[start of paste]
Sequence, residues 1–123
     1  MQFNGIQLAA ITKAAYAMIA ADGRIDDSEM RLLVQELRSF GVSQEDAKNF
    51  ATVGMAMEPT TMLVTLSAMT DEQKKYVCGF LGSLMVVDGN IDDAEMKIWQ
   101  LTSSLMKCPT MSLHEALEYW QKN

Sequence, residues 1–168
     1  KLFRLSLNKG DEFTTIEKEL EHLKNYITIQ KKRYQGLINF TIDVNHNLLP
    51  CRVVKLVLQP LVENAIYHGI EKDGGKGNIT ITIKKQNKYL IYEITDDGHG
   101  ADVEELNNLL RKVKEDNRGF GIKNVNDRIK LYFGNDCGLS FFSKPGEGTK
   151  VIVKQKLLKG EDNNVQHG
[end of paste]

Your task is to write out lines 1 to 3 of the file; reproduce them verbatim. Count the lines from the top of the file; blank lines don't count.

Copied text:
Sequence, residues 1–123
     1  MQFNGIQLAA ITKAAYAMIA ADGRIDDSEM RLLVQELRSF GVSQEDAKNF
    51  ATVGMAMEPT TMLVTLSAMT DEQKKYVCGF LGSLMVVDGN IDDAEMKIWQ